This page of the Spaldwick website is dedicated to the memory of the brave men of Spaldwick who paid the highest price for our nation.
In the words of the epitaph attributed to John Maxwell Edmonds, “When you go home, tell them of us and say, for their tomorrow, we gave our today”.
Stuart Dixon has compiled a PDF document in remembrance of those who died, and this can viewed or downloaded by clicking on the following link:
Spaldwick Roll of Honour document produced by Stuart Dixon (PDF)
First World War
Arthur Robert Chandler. As a Corporal in the 1st Battalion Bedfordshire Regiment, Arthur died on 16th March 1915, aged 25, as part of the Second Battle of Ypres in western Belgium. He left a widow and two young sons. His brother died in action (below) over a year later.
Walter Whittlesea Dighton. As a Private in the 2nd Battalion, Norfolk Regiment, Walter died on 22nd November 1915, aged 24. He died at the Battle of Ctesiphon in the Iraqi desert – one of 682 killed, 3674 wounded and 237 missing.
Percy William Chandler. As a Company Sergeant Major in the 2nd Battalion Bedfordshire Regiment, Percy died of wounds to the head on 28th June 1916, aged 31. He took part in the Battle of the Somme. He was the older brother of Arthur (above).
William Woodham. As a Private in the 8th Battalion, Bedfordshire Regiment, William died on 18th October 1916, aged 39. William was killed in action, as part of the Somme Offensive. William is among the tens of thousands of soldiers who have no known grave.
John William Burton. As a Private in the 6th Battalion Bedforshire Regiment, John died on 24th April 1917, aged 38. He died from wounds received, and pneumonia, while in action in France. He left his wife, Ethel, and a daughter.
John William Chapman. As a Private in the 2nd Battalion, Devonshire Regiment, John died on 31st May 1918, aged 19. He was a slim young man, who looked younger than he was. He was killed in action near the River Aisne in France, and has no known grave.
Second World War
Donald Robert Church. As a Lance Corporal in the Queen’s Royal Regiment, Donald died in North Africa on 12th May 1943, aged 24. While relaxing with his colleagues, he was hit by shrapnel.
Leonard Cyril Nickerson. As a Trooper in the Royal Tank Regiment, Leonard died on 28th May 1944, aged 22, in a prisoner-of-war hospital in Germany. Leonard was the youngest of a family of four. He had won a scholarship and went to Kimbolton School.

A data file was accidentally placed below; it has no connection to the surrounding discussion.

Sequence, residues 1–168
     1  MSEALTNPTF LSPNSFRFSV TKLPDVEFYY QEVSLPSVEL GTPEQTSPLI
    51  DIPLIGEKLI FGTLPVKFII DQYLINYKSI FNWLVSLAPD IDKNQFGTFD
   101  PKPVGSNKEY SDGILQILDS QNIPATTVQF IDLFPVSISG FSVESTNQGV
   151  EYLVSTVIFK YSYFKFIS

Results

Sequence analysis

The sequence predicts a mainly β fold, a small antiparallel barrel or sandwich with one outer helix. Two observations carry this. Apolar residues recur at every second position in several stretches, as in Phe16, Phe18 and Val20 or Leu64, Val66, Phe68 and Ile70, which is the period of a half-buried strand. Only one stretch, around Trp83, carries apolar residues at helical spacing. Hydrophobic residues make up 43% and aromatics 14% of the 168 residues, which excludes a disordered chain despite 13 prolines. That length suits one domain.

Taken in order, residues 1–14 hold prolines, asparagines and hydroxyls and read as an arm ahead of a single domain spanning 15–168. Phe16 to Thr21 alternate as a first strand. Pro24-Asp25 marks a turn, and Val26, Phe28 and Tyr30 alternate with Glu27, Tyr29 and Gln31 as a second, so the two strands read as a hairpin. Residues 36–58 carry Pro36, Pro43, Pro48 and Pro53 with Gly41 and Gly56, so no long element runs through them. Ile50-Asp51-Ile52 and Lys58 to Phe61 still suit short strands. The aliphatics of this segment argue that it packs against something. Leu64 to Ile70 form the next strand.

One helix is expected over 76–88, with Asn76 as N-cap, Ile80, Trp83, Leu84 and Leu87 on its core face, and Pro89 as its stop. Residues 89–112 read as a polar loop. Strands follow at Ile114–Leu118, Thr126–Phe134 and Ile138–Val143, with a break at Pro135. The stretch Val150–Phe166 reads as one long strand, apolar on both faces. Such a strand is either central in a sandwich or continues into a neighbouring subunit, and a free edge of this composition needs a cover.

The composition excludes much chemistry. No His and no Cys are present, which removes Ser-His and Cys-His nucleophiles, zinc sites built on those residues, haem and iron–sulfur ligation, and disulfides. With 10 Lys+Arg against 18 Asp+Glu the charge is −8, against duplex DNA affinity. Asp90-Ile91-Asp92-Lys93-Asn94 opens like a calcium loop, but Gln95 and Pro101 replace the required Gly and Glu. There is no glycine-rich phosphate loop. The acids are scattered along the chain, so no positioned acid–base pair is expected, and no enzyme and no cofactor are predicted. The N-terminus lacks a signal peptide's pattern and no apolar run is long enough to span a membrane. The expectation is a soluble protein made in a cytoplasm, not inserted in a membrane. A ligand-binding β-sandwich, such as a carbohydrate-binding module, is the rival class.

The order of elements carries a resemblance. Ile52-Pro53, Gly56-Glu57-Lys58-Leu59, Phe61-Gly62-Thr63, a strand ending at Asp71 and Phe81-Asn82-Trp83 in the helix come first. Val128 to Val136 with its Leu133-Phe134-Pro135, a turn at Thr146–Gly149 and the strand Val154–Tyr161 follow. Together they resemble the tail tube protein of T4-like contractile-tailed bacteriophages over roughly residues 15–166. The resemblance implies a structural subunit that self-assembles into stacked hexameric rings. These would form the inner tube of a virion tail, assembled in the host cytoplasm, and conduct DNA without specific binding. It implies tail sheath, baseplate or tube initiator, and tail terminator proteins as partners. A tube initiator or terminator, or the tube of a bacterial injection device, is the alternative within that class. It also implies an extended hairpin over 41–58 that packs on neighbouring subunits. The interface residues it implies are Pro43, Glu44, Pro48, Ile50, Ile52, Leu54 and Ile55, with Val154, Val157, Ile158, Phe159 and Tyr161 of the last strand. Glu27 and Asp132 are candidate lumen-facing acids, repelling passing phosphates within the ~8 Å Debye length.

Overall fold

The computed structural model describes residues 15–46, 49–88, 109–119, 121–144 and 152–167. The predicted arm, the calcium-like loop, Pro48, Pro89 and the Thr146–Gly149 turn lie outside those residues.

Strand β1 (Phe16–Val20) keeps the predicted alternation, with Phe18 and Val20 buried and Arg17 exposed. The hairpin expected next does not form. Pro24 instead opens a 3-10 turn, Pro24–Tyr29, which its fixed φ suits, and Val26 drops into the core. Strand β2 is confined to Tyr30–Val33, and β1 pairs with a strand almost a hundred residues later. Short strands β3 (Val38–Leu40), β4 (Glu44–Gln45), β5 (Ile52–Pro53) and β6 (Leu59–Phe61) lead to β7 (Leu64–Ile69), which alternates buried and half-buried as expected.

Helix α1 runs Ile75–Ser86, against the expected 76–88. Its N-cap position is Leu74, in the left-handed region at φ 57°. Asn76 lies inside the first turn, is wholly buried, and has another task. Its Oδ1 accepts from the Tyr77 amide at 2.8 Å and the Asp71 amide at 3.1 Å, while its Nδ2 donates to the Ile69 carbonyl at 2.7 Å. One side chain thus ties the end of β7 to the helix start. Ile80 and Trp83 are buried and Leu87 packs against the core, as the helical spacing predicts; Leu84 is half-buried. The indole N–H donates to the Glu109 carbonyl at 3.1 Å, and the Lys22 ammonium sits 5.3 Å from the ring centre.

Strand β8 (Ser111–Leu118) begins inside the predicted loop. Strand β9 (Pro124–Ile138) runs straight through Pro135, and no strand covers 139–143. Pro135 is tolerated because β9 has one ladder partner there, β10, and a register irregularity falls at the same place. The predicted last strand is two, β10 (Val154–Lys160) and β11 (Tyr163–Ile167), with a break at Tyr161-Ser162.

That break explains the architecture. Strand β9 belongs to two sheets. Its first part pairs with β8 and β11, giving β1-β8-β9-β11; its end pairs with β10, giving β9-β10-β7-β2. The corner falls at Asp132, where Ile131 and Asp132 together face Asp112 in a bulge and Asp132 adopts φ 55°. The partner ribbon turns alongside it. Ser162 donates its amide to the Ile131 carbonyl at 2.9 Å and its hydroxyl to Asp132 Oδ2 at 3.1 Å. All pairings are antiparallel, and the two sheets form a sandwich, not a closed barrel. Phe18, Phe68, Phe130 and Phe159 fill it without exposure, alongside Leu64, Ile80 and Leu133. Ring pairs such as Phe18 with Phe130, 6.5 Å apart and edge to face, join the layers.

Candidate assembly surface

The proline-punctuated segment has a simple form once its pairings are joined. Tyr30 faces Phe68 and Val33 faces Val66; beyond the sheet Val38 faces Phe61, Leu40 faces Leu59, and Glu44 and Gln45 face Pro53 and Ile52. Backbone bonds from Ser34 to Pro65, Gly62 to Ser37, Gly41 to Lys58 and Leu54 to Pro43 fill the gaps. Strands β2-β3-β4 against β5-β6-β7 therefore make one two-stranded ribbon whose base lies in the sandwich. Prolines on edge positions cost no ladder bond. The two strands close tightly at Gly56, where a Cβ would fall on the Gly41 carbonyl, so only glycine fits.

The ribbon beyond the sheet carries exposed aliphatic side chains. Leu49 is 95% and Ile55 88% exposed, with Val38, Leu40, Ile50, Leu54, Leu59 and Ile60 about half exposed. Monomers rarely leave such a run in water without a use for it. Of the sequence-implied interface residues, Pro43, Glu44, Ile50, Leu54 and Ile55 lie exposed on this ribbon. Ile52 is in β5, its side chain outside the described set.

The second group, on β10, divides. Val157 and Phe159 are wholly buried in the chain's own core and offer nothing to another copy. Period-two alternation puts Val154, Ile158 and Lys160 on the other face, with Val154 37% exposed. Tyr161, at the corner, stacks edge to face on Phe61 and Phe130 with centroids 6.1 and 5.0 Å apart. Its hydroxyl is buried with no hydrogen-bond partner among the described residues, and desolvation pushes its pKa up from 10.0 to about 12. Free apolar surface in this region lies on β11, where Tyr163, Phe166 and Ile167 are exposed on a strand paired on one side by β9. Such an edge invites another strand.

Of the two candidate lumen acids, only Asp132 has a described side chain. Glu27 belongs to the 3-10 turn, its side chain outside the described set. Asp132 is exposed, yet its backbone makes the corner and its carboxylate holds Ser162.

Lionel Watson Goodwin. As a Fusilier in the Royal Fusiliers, Lionel was killed in action in Korea (during the Korean War) on 29th April 1953, aged 19. Sadly, the time was nearly up for his return and his mother had made a cake for his homecoming party and celebrations.
For The Fallen
With proud thanksgiving, a mother for her children,
England mourns for her dead across the sea.
Flesh of her flesh they were, spirit of her spirit,
Fallen in the cause of the free.
Solemn the drums thrill; Death august and royal
Sings sorrow up into immortal spheres,
There is music in the midst of desolation
And a glory that shines upon our tears.
They went with songs to the battle, they were young,
Straight of limb, true of eye, steady and aglow.
They were staunch to the end against odds uncounted;
They fell with their faces to the foe.
They shall grow not old, as we that are left grow old:
Age shall not weary them, nor the years condemn.
At the going down of the sun and in the morning
We will remember them.
They mingle not with their laughing comrades again;
They sit no more at familiar tables of home;
They have no lot in our labour of the daytime;
They sleep beyond England’s foam.
But where our desires are and our hopes profound,
Felt as a well-spring that is hidden from sight,
To the innermost heart of their own land they are known
As the stars are known to the Night;
As the stars that shall be bright when we are dust,
Moving in marches upon the heavenly plain;
As the stars that are starry in the time of our darkness,
To the end, to the end, they remain.
Laurence Binyon, 1914
More information on Spaldwick history
For further information on Spaldwick’s history, please visit our other pages: